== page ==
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The map shows the population of each territory multiplied by the Human Development Index of the United Nations Development Program. This is a measure of quality of life. It combines measures of health, wealth and education in a territory.
Norway, Australia and the Netherlands lead the Human Development Index (HDI) rankings in 2011, while the Democratic Republic of the Congo (DRC), Niger and Burundi are at the bottom. Each year since 1990 the Human Development Report has published the Human Development Index (HDI) which was introduced as an alternative to conventional measures of national development. The HDI represents a broader definition of well-being and provides a composite measure of three basic dimensions of human development: health , education and income . The latest HDI report is from 2011 with emphasis on Sustainability and Equity, titled: A Better Future for All. The three Human Development Indicators are: 1. Life Expectancy Index (LEI): Life expectancy at birth (in years); 2.
Some countries are making great strides in human development, others less so SINCE 1980 the country that has made the greatest strides in improving human development is Nepal, according to the UN's annual Human Development Index (HDI). The index is a combination of three sub-indices covering wealth, health and education. The countries whose HDI has improved the most since 1980 are mainly in Asia. China and India have been helped by rapid GDP growth, but even slower-growing countries such as Nepal and Bangladesh have fostered human development by making progress in health and education.
May 22nd, 2011 A decade ago I lectured to the staff of the Ministry of Health in Cuba. After my talk the Minister happily said, this graphs showed that Cuba is the healthiest of the poor countries! On the way out a young staff member whispered in my ear:
Cuba by the Numbers Posted on Sep 29, 2010 By Moshe Adler Fidel Castro recently told The Atlantic that the Cuban model does not work anymore, not even for Cuba. But according to statistics collected by none other than the CIA, the Cuban model has actually worked very well.
Cuba From the Other Side Posted on Apr 8, 2011 By Karen Lee Wald I first learned of Keith Bolender’s book “Voices From the Other Side: An Oral History of Terrorism Against Cuba” when the author reached out to me after reading an article I’d written on Luis Posada Carriles in The Rag blog. The article, “The Puppies That Got Away,” was based on an interview with a woman who almost became a victim, along with three children she was caring for, in one of the hotels Posada’s thugs bombed in 1997.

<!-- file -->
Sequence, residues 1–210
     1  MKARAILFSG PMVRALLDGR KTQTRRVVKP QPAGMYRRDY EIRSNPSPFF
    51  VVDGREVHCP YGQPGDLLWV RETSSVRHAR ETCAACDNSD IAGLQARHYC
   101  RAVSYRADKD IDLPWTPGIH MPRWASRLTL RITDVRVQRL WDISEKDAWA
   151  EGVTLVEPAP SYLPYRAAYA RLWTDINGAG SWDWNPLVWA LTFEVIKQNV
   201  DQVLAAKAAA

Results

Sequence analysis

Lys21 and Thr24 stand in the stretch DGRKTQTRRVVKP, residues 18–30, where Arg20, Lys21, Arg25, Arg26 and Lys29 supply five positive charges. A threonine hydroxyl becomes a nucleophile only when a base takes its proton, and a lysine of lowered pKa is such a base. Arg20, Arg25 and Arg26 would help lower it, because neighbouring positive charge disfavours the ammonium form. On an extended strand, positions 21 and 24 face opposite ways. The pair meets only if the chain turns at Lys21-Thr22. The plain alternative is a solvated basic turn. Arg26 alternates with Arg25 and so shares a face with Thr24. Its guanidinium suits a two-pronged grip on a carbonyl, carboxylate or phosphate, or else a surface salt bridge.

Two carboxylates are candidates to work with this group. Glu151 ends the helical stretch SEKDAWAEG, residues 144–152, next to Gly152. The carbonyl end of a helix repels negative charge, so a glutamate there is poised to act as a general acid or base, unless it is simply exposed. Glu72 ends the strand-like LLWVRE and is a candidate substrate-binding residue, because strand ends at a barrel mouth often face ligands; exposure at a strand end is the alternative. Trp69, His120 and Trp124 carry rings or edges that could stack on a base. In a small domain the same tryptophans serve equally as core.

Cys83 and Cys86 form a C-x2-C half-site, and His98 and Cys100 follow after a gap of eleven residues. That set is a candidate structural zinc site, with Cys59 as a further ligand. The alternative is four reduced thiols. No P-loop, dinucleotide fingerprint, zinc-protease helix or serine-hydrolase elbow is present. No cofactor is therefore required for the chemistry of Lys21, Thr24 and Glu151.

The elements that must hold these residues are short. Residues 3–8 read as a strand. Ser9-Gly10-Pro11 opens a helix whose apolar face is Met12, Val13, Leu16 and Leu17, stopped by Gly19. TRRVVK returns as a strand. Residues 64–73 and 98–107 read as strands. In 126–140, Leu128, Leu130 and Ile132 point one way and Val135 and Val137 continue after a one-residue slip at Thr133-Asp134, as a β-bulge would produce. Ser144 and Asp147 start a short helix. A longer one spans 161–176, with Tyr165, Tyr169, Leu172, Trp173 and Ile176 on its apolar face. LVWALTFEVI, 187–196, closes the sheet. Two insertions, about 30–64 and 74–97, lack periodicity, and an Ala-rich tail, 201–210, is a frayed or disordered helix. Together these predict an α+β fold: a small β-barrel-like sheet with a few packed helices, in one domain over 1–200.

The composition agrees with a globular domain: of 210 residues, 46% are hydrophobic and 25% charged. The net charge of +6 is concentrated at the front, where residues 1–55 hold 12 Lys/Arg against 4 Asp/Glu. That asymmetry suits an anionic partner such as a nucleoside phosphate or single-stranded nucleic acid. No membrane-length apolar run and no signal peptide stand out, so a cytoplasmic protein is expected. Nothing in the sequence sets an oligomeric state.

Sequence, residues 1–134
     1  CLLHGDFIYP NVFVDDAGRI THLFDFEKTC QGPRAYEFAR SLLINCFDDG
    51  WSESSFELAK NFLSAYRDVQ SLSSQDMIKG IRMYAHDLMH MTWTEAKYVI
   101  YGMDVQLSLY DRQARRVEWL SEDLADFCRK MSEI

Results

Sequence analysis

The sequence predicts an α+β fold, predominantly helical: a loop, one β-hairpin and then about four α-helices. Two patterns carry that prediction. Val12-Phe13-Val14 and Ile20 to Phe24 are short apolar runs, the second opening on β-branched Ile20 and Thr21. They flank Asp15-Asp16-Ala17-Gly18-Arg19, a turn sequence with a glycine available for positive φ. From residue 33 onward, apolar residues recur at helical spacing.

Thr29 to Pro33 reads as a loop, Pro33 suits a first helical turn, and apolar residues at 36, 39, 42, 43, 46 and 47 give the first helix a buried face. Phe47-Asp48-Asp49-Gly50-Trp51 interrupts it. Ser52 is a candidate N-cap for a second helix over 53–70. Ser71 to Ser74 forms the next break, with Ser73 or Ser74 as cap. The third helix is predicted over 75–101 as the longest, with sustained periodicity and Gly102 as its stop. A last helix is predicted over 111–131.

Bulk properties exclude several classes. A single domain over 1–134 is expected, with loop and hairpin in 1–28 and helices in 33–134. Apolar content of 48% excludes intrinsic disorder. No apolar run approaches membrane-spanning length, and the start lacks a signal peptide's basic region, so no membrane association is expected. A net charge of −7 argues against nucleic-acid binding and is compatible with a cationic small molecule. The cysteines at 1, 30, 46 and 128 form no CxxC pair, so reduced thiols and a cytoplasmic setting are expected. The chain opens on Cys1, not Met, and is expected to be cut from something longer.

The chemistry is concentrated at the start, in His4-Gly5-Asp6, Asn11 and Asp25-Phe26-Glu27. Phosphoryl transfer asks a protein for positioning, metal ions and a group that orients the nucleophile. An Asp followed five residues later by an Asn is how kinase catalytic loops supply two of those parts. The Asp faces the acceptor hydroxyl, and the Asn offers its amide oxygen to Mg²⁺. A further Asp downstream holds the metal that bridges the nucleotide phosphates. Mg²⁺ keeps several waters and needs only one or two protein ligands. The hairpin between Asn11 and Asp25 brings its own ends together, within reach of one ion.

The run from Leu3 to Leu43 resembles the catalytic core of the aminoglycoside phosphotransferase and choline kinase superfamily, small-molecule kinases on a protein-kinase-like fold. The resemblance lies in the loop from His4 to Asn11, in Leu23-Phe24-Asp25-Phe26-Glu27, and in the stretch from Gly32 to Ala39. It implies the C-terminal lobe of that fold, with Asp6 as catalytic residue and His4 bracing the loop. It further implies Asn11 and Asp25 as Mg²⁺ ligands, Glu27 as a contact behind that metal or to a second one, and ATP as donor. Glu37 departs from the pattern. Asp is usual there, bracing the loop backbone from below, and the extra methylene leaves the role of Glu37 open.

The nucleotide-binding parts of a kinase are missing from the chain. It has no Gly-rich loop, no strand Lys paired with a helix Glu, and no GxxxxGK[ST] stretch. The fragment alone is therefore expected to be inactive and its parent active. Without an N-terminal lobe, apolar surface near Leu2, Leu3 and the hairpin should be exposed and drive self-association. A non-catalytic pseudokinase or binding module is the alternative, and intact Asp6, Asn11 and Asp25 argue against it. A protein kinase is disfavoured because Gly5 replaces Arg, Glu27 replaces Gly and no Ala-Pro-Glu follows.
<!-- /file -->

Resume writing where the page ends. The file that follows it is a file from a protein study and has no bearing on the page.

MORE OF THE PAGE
Desarrollo Humano | Hablemos sobre HD | 2011-01 | Informes sobre Desarrollo Humano (IDH) | Programa de las Naciones Unidas para el Desarrollo (PNUD)Mon, 10 Jan 2011 18:00:37 GMT Sustraer el INB del HDI: un Índice de Desarrollo Humano "no económico" Por Hyung-Jin Choi, Martin Heger, Jose Pineda y Francisco Rodríguez Consultor, Consultor, Especialista de Políticas y Jefe del Equipo de Investigación (respectivamente), Oficina encargada del Informe sobre Desarrollo Humano, PNUD
UNITED NATIONS, Jan 20, 2011 (IPS) - When the U.N. Development Programme (UNDP) formulates its annual Human Development Index (HDI), it uses several socioeconomic indicators - including life expectancy, gross national income and literacy - to rank member states and also measure quality of life in these countries. But a nation widely singled out for its positive achievements in education, health care and life expectancy has been left out of the index, complains Ambassador Pedro Nunez Mosquera, Cuba's permanent representative to the United Nations.
The origins of the HDI are found in the annual Human Development Reports of the United Nations Development Programme (UNDP). These were devised and launched by Pakistani Economist Mahbub ul Haq in 1990 and had the explicit purpose ‘‘to shift the focus of development economics from national income accounting to people centered policies’’. To produce the Human Development Reports, Mahbub ul Haq brought together a group of well-known development economists including: Paul Streeten , Frances Stewart , Gustav Ranis , Keith Griffin , Sudhir Anand and Meghnad Desai . But it was Nobel laureate Amartya Sen ’s work on capabilities and functionings that provided the underlying conceptual framework.